Peter DeBoer Finally Shuffles New Jersey Devils Lines: Henrique to Top Line

Geoff Burke – US PRESSWIRE

It took losses in four of their last five games, and five of their last seven, but the New Jersey Devils have finally decided to shuffle their lines a bit.  For all the double shifts, half shifts, makeshift and ineffective in-game changes that coach Peter DeBoer seems to love, DeBoer did not really change his starting lineup throughout the skid – with the exception of his failed Henrik Tallinder for Mark Fayne move, of course.

For the second practice in a row, Peter DeBoer had Ilya Kovalchuk skating with Adam Henrique and Andrei Loktionov.  It is impossible to deny the flashes of chemistry Loktionov seems to enjoy when centering Ilya Kovalchuk.  Putting Kovalchuk with a clutch scorer and high-effort player like Henrique makes sense to fill out a top line that finally has some dynamic talent on it.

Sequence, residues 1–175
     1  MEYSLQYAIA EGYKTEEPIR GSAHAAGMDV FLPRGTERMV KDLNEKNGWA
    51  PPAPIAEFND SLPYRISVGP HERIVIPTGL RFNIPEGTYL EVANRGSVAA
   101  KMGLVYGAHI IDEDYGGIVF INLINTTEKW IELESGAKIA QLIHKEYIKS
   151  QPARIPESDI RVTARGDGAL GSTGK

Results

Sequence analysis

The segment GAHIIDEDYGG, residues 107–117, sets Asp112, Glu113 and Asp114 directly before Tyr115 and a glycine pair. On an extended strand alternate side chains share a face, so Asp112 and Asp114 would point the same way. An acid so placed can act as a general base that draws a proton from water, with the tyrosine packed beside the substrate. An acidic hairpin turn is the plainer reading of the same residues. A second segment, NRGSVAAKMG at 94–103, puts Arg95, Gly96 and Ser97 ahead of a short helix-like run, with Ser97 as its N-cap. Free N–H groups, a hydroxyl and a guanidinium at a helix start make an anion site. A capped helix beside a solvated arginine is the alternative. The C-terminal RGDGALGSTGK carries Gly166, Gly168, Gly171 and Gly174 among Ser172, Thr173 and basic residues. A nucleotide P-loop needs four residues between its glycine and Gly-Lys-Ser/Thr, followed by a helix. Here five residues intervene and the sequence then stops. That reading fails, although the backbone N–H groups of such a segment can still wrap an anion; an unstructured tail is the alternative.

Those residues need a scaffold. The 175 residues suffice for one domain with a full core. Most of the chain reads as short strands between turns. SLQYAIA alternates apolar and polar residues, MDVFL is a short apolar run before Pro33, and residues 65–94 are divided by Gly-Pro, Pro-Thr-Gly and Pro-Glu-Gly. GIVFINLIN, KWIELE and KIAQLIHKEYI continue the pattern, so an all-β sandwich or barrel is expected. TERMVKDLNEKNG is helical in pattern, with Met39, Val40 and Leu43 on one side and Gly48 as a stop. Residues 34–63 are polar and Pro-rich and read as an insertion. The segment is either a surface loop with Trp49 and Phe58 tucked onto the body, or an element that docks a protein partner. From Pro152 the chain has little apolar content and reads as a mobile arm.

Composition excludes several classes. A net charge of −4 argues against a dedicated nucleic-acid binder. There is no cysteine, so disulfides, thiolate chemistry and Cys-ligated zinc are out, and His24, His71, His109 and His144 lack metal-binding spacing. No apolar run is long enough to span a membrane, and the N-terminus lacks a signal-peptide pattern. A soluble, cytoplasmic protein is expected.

The second line keeps Patrik Elias and David Clarkson together, as the prolific wingers have enjoyed immense success playing with one another.  Travis Zajac, arguably the team’s best center, slides in with two of the New Jersey Devils’ best scorers.

Though the move may be a little bit late, the Devils need a spark.  David Clarkson has faded, Travis Zajac has been ineffective playing with Ilya Kovalchuk, and the top-line has been overmatched and relatively unskilled.  The grinding lines continue to carry the New Jersey Devils, but as defense and goaltending struggles lead to losses, New Jersey needs to jumpstart the offense.

Giving Ilya Kovalchuk another scorer, and giving Andrei Loktionov a chance to build on the brief success he’s had playing with Kovalchuk, makes perfect sense.  Henrique and Loktionov are familiar with each other, and the top line could have great chemistry going forward.  The second line keeps its most prolific scorers together, but gives them a stronger faceoff presence in Zajac, whose return from injury carried the Devils last postseason.

These lines could work for the slumping New Jersey Devils, but one has to wonder why Peter DeBoer waited as long as he did to give it a try.

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